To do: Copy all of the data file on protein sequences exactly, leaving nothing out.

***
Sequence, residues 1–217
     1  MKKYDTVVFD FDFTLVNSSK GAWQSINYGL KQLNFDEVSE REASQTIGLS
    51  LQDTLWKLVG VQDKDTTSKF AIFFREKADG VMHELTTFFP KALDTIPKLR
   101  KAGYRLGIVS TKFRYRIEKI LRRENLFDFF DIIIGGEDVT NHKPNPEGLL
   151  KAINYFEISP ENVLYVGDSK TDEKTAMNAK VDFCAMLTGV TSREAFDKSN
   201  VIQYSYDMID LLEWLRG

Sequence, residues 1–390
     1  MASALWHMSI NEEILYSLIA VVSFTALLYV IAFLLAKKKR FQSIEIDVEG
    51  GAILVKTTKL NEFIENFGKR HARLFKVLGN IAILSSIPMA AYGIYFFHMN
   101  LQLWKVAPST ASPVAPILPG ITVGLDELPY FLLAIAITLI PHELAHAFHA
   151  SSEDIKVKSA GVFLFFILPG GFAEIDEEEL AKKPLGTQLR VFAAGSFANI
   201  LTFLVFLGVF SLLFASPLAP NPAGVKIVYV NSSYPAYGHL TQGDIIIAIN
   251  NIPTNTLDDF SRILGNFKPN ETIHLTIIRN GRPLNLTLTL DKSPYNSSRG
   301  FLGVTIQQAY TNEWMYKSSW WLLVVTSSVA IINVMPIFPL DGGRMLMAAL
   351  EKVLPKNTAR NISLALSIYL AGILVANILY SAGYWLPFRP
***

Sequence, residues 1–217
     1  MKKYDTVVFD FDFTLVNSSK GAWQSINYGL KQLNFDEVSE REASQTIGLS
    51  LQDTLWKLVG VQDKDTTSKF AIFFREKADG VMHELTTFFP KALDTIPKLR
   101  KAGYRLGIVS TKFRYRIEKI LRRENLFDFF DIIIGGEDVT NHKPNPEGLL
   151  KAINYFEISP ENVLYVGDSK TDEKTAMNAK VDFCAMLTGV TSREAFDKSN
   201  VIQYSYDMID LLEWLRG

Sequence, residues 1–390
     1  MASALWHMSI NEEILYSLIA VVSFTALLYV IAFLLAKKKR FQSIEIDVEG
    51  GAILVKTTKL NEFIENFGKR HARLFKVLGN IAILSSIPMA AYGIYFFHMN
   101  LQLWKVAPST ASPVAPILPG ITVGLDELPY FLLAIAITLI PHELAHAFHA
   151  SSEDIKVKSA GVFLFFILPG GFAEIDEEEL AKKPLGTQLR VFAAGSFANI
   201  LTFLVFLGVF SLLFASPLAP NPAGVKIVYV NSSYPAYGHL TQGDIIIAIN
   251  NIPTNTLDDF SRILGNFKPN ETIHLTIIRN GRPLNLTLTL DKSPYNSSRG
   301  FLGVTIQQAY TNEWMYKSSW WLLVVTSSVA IINVMPIFPL DGGRMLMAAL
   351  EKVLPKNTAR NISLALSIYL AGILVANILY SAGYWLPFRP